4.
JAMA Netw Open ; 4(11): e2136113, 2021 11 01.
Article in English | MEDLINE | ID: covidwho-1540038

ABSTRACT

Importance: Some studies suggest that social media use is associated with risk for depression, particularly among children and young adults. Objective: To characterize the association between self-reported use of individual social media platforms and worsening of depressive symptoms among adults. Design, Setting, and Participants: This survey study included data from 13 waves of a nonprobability internet survey conducted approximately monthly between May 2020 and May 2021 among individuals aged 18 years and older in the US. Data were analyzed in July and August 2021. Main Outcomes and Measures: Logistic regression was applied without reweighting, with a 5 point or greater increase in 9-item Patient Health Questionnaire (PHQ-9) score as outcome and participant sociodemographic features, baseline PHQ-9, and use of each social media platform as independent variables. Results: In total, 5395 of 8045 individuals (67.1%) with a PHQ-9 score below 5 on initial survey completed a second PHQ-9. These respondents had a mean (SD) age of 55.8 (15.2) years; 3546 respondents (65.7%) identified as female; 329 respondents (6.1%) were Asian, 570 (10.6%) Black, 256 (4.7%) Hispanic, 4118 (76.3%) White, and 122 (2.3%) American Indian or Alaska Native, Pacific Islander or Native Hawaiian, or other. Among eligible respondents, 482 (8.9%) reported 5 points or greater worsening of PHQ-9 score at second survey. In fully adjusted models for increase in symptoms, the largest adjusted odds ratio (aOR) associated with social media use was observed for Snapchat (aOR, 1.53; 95% CI, 1.19-1.96), Facebook (aOR, 1.42; 95% CI, 1.10-1.81), and TikTok (aOR, 1.39; 95% CI, 1.03-1.87). Conclusions and Relevance: Among survey respondents who did not report depressive symptoms initially, social media use was associated with greater likelihood of subsequent increase in depressive symptoms after adjustment for sociodemographic features and news sources. These data cannot elucidate the nature of this association, but suggest the need for further study to understand how social media use may factor into depression among adults.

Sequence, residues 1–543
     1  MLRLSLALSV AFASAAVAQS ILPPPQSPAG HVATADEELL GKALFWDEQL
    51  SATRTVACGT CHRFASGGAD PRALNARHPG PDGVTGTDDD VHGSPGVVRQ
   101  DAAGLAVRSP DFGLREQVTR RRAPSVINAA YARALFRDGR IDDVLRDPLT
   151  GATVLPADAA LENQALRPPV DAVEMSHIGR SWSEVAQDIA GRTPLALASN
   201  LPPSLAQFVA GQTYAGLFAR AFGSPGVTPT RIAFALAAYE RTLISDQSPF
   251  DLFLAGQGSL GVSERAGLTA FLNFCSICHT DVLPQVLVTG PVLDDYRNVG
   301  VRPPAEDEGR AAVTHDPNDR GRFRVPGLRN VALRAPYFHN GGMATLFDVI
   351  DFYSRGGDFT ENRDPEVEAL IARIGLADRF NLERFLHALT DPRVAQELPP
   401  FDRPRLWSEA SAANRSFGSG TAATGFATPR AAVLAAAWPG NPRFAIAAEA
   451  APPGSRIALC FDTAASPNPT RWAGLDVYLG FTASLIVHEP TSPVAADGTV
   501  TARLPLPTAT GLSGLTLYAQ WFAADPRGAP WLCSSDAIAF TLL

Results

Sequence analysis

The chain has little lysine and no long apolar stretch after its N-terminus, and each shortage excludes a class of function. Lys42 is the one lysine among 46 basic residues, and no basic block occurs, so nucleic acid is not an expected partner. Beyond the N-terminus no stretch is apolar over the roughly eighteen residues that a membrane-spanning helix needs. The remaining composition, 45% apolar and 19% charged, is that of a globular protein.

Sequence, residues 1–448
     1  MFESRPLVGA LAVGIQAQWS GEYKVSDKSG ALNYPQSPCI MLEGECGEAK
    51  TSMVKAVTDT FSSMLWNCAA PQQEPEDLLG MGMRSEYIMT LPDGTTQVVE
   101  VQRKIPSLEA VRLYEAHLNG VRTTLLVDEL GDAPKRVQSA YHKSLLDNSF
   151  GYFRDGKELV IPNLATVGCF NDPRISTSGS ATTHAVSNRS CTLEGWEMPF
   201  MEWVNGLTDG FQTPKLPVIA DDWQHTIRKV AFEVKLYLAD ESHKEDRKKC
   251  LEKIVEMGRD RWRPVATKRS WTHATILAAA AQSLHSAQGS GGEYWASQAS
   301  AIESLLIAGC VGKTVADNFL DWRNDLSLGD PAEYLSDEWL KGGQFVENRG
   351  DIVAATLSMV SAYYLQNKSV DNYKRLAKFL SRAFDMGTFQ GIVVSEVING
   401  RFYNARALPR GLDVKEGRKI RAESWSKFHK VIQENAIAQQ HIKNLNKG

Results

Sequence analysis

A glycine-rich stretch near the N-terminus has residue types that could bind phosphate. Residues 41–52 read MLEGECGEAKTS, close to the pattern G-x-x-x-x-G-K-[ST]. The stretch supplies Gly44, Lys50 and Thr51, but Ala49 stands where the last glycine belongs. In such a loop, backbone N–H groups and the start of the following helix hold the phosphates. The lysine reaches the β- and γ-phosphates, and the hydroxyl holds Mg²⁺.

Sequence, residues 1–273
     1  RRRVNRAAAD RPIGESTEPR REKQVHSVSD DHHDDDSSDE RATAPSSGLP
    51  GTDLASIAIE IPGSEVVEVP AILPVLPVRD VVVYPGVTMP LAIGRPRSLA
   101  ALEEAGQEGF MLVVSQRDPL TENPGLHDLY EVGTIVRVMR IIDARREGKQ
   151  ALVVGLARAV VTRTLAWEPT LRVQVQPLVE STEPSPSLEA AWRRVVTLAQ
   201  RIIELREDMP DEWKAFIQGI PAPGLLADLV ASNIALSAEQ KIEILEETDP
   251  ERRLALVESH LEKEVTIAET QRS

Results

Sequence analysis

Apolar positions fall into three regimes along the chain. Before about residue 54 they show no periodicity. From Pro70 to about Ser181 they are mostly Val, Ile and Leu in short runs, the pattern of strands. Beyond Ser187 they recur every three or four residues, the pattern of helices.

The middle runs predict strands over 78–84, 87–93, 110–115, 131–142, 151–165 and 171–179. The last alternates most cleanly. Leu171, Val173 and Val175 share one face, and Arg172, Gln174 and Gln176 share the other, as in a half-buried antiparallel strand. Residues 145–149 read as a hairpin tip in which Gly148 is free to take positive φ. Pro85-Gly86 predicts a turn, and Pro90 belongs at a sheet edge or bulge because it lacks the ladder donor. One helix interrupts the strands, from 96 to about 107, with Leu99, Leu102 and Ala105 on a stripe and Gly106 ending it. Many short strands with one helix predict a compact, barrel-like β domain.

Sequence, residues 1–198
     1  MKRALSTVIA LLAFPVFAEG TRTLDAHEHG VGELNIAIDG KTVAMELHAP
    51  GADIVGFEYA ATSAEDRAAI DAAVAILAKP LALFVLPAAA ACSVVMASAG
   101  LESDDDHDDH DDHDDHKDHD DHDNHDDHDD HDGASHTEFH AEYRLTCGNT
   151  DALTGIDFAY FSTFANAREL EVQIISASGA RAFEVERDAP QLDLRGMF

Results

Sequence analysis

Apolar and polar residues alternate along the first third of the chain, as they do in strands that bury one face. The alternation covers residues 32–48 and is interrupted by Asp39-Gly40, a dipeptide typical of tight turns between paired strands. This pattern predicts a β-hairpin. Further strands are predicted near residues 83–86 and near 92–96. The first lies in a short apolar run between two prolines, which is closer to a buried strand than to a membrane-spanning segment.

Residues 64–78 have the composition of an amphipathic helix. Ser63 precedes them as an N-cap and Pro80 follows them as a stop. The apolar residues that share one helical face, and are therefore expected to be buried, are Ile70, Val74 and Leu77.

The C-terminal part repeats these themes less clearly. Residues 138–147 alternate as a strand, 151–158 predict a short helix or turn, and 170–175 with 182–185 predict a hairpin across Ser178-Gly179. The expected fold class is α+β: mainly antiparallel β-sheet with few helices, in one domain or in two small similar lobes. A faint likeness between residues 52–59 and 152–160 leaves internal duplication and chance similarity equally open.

Subject(s)
Depression/epidemiology , Self Report/statistics & numerical data , Social Media/statistics & numerical data , Adolescent , Adult , Age Factors , Aged , Aged, 80 and over , Female , Humans , Male , Middle Aged , Sex Factors , Surveys and Questionnaires , United States/epidemiology , Young Adult
5.
Depress Anxiety ; 38(10): 1026-1033, 2021 10.
Article in English | MEDLINE | ID: covidwho-1347400

ABSTRACT